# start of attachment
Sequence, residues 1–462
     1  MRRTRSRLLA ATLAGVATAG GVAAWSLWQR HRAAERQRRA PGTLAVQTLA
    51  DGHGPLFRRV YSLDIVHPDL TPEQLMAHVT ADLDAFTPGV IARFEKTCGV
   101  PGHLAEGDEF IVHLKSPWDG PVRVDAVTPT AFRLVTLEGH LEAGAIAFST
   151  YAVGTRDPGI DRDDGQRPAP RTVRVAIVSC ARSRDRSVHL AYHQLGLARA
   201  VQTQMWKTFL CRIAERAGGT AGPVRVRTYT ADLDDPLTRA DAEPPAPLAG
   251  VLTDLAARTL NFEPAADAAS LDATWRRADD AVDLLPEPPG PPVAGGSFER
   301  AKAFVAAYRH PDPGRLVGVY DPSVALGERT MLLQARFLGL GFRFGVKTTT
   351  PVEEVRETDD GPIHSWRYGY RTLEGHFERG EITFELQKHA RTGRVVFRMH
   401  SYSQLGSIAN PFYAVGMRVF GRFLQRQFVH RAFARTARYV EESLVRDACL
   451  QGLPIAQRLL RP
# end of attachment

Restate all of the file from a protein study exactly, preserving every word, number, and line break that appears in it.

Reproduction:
Sequence, residues 1–462
     1  MRRTRSRLLA ATLAGVATAG GVAAWSLWQR HRAAERQRRA PGTLAVQTLA
    51  DGHGPLFRRV YSLDIVHPDL TPEQLMAHVT ADLDAFTPGV IARFEKTCGV
   101  PGHLAEGDEF IVHLKSPWDG PVRVDAVTPT AFRLVTLEGH LEAGAIAFST
   151  YAVGTRDPGI DRDDGQRPAP RTVRVAIVSC ARSRDRSVHL AYHQLGLARA
   201  VQTQMWKTFL CRIAERAGGT AGPVRVRTYT ADLDDPLTRA DAEPPAPLAG
   251  VLTDLAARTL NFEPAADAAS LDATWRRADD AVDLLPEPPG PPVAGGSFER
   301  AKAFVAAYRH PDPGRLVGVY DPSVALGERT MLLQARFLGL GFRFGVKTTT
   351  PVEEVRETDD GPIHSWRYGY RTLEGHFERG EITFELQKHA RTGRVVFRMH
   401  SYSQLGSIAN PFYAVGMRVF GRFLQRQFVH RAFARTARYV EESLVRDACL
   451  QGLPIAQRLL RP